Deepwater One Offshore Wind Project Can Create 300 Long Island Jobs, With LIPA's Help

Offshore wind power is ready for primetime and poised to make a significant contribution to the economy and to job numbers in the United States and here in New York.

That was the message yesterday, as offshore wind power developer Deepwater Wind joined Long Island labor leaders and the Suffolk County Executive Steve Bellone to announce the company’s plan to create 300 direct jobs on Long Island in the offshore wind power industry. “We’re delighted to be partnering with the Building Trades and Long Island Federation of Labor to develop the skilled trades, supply chain and facilities here on Long Island to serve the growing offshore wind industry,” Deepwater Wind’s CEO Jeff Grybowski said at a press conference, where he discussed plans to build a 1,000-megawatt offshore wind power project, located about 30 miles east of Montauk, called Deepwater One. “From engineers to construction workers, our first project would mean a wide range of new jobs for several hundred Long Islanders. We’re anxious to move forward on this path-breaking project.”

Like a lot of promising offshore wind power projects currently on the drawing boards, to move forward, this one needs some support, in this case, from the Long Island Power Authority board. It’s scheduled to decide at its December 17th board meeting whether the initial component of the Deepwater One project (just over 200 megawatts) is on the short list of contract awards for Long Island’s 280-megawatt renewable energy request for proposals. Deepwater One already has abundant support from business and labor leaders across the state, and from a bipartisan group of Long Island elected officials. In fact, 14 of them, State Assembly members from Long Island, recently to New York Governor Andrew Cuomo: “Prevalent wind conditions found offshore Long Island present a tremendous opportunity to generate clean, renewable energy at the capacity needed to meet NY State’s renewable and energy efficiency goals, including reaching the 50% carbon emission reduction by 2030 and the 80% reduction by 2050.” NRDC agrees and urges LIPA to include DeepwaterOne on the short list for a renewable energy contract.

The planned Deepwater One project would supply clean electricity to about 120,000 Long Island homes. Just as importantly, it will help solve Long Island’s power supply problems. The area is in what energy planners call a “load pocket” — a significantly constrained electric service area. Because it’s so densely populated, Long Island, like much of the New York metropolitan area, has little room to build new electric generation and transmission infrastructure. Deepwater One’s infrastructure would be located offshore, where room is abundant and infrastructure can be designed to protect important sea life and habitats. (Deepwater Wind has already entered into a precedent-setting agreement to protect highly endangered North Atlantic right whales as it develops this project.) Deepwater One could help solve Long Island’s electric supply problem fast, with pre-construction slated to begin next year, construction in 2017, and commercial operations by 2018.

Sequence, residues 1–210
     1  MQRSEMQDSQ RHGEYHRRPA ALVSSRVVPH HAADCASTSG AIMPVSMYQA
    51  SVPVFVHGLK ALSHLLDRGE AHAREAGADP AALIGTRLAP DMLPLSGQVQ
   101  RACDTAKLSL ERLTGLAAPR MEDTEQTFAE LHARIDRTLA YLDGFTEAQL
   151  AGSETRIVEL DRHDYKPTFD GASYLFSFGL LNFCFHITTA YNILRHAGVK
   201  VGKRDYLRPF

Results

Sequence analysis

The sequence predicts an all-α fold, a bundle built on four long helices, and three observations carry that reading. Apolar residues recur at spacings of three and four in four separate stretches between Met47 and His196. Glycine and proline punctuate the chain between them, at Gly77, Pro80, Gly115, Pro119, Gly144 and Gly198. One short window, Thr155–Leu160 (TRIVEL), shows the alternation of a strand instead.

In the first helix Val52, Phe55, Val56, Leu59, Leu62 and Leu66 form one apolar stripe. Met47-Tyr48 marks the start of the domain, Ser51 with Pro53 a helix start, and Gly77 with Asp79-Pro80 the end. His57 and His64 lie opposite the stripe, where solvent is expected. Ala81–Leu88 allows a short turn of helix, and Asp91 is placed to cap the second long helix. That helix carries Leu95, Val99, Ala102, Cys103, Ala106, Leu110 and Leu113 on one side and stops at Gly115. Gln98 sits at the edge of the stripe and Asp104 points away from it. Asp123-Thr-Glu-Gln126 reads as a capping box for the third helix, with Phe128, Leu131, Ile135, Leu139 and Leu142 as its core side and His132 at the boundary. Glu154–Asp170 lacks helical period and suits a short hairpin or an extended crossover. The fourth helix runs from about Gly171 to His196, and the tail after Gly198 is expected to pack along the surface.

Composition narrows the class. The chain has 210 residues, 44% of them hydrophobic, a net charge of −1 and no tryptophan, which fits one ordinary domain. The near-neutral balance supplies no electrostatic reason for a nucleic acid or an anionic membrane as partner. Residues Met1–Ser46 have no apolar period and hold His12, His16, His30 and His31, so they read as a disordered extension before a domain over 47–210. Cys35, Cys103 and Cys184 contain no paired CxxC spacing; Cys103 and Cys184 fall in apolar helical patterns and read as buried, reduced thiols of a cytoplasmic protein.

As the Long Island Assembly members who wrote Governor Cuomo noted, the Long Island coastline is a great place to develop offshore wind power. In fact, the New York State Energy Research & Development Authority, the state’s energy authority, estimates that 2,500 megawatts or more of offshore wind could be built by 2025. Importantly, not only does offshore wind power create more jobs than any other kind of electric generation, it produces the most power when demand is highest — on hot summer afternoons, when high electric demand stresses our electric grid, and on cold winter days and nights, when the use of electricity for heating can skyrocket.

Around the world, offshore wind power is growing fast. In European waters alone, there are currently more than 70 projects supplying more than 73,000 megawatts of electricity. China and Japan are getting in on the action, too. Here in the U.S., we’re playing catch-up, for now. But, as today’s announcement shows, the industry is poised for success, ready to offer good-paying jobs and pollution-free energy.

To make those possibilities a reality, all that needs happen is some smart policies that will get projects like Deepwater One off the drawing boards and into the water.

LIPA, now’s the time to step up.